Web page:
Gaza Fishermen Fight For A Catch Despite Israel’s Blockade.


Gaza Fishermen Fight For A Catch Despite Israel’s Blockade.

Palestinian fisherman Mohammed al-Nahal leads a convoy of decrepit boats out for another perilous night under the Israeli blockade of the Gaza Strip, crashing through the Mediterranean waves at dusk.

The men argue that they must seek a catch from overfished shallow seas with dwindling populations since they are forced to stay close to shore due to Israeli limitations on powerful engines.

“It would be fantastic if we could capture 200 kilos (450 pounds) of sardines,” Nahal says. “However, we could also return empty-handed.” Because of the high cost of fuel in the enclave, fishermen’s operating costs are crippled, forcing them to stay closer to shore.

“The further we travel, the more we pay for fuel with no assurances regarding the catch,” Nahal explains as he leads a line of five boats through the stink of diesel and sardines in the air.

The open sea appears to give the prospect of independence to Gaza, which is surrounded by Israel and Egypt and where Hamas Islamists assumed power in 2007.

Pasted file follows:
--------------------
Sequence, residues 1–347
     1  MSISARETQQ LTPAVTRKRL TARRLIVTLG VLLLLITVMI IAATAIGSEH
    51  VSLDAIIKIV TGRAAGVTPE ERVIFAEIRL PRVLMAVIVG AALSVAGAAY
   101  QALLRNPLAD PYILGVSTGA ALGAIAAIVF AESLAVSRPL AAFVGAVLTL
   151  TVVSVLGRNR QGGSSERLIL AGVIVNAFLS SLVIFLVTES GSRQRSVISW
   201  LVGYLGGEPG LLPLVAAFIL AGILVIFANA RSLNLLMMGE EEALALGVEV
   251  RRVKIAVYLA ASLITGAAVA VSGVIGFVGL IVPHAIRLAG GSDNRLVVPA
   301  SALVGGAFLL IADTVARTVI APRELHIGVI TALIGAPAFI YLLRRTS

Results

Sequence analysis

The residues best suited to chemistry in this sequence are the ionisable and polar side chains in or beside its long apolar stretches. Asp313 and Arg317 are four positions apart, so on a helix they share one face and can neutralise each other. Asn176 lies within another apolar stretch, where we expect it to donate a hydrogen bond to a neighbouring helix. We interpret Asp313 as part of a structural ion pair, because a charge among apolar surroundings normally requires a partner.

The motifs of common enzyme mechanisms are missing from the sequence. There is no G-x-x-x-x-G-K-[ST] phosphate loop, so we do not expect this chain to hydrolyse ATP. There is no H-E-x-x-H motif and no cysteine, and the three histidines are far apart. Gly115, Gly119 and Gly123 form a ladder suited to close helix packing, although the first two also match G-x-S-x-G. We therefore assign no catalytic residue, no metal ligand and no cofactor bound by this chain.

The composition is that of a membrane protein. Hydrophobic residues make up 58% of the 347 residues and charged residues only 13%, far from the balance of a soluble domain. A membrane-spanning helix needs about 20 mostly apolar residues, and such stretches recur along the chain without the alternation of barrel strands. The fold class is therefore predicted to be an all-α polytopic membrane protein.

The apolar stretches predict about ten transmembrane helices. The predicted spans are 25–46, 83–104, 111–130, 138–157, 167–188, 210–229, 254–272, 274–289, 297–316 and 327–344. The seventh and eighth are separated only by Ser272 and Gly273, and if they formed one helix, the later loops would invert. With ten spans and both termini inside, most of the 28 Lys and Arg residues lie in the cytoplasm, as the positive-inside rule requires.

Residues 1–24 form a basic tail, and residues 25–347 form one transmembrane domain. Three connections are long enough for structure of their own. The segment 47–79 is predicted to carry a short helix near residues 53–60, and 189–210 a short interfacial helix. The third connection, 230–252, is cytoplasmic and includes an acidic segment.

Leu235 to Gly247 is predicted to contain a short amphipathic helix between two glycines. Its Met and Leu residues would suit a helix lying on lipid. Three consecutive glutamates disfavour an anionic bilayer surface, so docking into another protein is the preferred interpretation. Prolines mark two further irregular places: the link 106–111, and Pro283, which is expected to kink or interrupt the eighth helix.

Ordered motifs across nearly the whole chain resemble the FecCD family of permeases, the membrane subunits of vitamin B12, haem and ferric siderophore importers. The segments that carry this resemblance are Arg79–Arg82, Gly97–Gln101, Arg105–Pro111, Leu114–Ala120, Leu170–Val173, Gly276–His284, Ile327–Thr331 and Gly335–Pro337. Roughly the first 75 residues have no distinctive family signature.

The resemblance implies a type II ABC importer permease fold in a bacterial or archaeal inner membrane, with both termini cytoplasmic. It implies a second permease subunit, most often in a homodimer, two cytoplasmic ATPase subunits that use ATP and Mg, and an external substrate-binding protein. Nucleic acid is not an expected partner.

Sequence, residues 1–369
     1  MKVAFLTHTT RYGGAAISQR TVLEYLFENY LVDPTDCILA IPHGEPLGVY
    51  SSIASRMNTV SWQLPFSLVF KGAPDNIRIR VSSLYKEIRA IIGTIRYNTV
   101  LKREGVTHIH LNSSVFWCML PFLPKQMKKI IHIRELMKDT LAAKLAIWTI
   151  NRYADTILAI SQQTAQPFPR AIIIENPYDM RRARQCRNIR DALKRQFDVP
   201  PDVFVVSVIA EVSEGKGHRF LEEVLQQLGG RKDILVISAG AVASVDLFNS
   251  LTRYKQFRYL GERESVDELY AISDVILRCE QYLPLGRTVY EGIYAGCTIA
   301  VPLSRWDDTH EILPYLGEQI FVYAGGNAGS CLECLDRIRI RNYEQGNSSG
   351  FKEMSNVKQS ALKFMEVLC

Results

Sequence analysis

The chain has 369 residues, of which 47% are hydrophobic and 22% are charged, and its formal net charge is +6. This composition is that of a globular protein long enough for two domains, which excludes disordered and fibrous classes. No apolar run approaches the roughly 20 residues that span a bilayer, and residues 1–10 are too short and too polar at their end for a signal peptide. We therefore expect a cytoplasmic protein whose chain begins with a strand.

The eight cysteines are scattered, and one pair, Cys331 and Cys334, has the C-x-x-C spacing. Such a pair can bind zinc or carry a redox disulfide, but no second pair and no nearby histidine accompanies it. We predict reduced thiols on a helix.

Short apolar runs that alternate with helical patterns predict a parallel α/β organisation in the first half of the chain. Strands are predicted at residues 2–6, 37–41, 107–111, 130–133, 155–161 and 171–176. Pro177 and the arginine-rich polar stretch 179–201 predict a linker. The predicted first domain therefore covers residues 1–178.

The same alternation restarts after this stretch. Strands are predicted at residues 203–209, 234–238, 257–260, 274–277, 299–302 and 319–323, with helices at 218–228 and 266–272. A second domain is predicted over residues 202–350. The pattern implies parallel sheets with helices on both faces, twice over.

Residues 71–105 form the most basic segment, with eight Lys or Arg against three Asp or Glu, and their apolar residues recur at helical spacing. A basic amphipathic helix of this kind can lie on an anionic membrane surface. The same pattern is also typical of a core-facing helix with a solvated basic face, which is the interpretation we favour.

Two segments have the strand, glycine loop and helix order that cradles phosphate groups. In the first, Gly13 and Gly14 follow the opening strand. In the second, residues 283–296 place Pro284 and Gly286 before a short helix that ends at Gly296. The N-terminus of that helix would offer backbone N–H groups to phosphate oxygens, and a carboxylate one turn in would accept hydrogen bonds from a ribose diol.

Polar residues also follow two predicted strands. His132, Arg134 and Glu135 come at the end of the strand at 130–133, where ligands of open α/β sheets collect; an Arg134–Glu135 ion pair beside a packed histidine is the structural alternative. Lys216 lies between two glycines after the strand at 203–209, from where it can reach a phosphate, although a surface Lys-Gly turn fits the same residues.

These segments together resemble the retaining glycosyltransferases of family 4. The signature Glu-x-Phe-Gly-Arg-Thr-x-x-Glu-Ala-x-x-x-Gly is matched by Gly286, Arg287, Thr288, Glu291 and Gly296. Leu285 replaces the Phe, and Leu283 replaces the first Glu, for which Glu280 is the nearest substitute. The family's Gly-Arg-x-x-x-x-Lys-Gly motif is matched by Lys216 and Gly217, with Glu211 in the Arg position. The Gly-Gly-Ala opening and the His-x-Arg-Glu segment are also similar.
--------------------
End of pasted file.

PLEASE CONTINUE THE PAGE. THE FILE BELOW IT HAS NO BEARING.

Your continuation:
The Israeli navy has complete control of the waters off Gaza’s 40-kilometer (25-mile) shore, and it regularly restricts or expands the fishing zone in response to security concerns.

Following months of relative peace following an 11-day confrontation between Israel and Hamas in May, the permissible fishing zone was enlarged to 15 nautical miles last month, the maximum allowed under the blockade, encompassing deep water with higher fish stocks.

Nahal’s crew, on the other hand, does not go that far. Their outside limit is six miles, which is good for sardines but too near to coast for higher-value fish like tuna.

“We fisherman don’t have the right engines to cover a 15-mile stretch,” Nahal explains. “We are currently not permitted to enter Gaza with these advanced engines.” Some Palestinian fisherman are likewise apprehensive about venturing too far out to sea. To impose access restrictions in the past, Israeli gunboats have opened fire and damaged nets.

To make ends meet, Nahal has repurposed a Volvo vehicle engine to power the boat and drive the strong lights that the fisherman shine into the night waters to attract the sardines.

Israel also restricts access to other critical equipment, such as sonar systems used to locate fish shoals, due to the blockade’s import restrictions.

Israel prohibits such things due to their “dual use,” claiming that they might either enable Hamas weapons manufacture or be used by smugglers.

The siege, it claims, is vital to protect Israeli civilians who have been slaughtered in their numbers. The Washington Newsday Brief News is a daily newspaper published in Washington, D.C.


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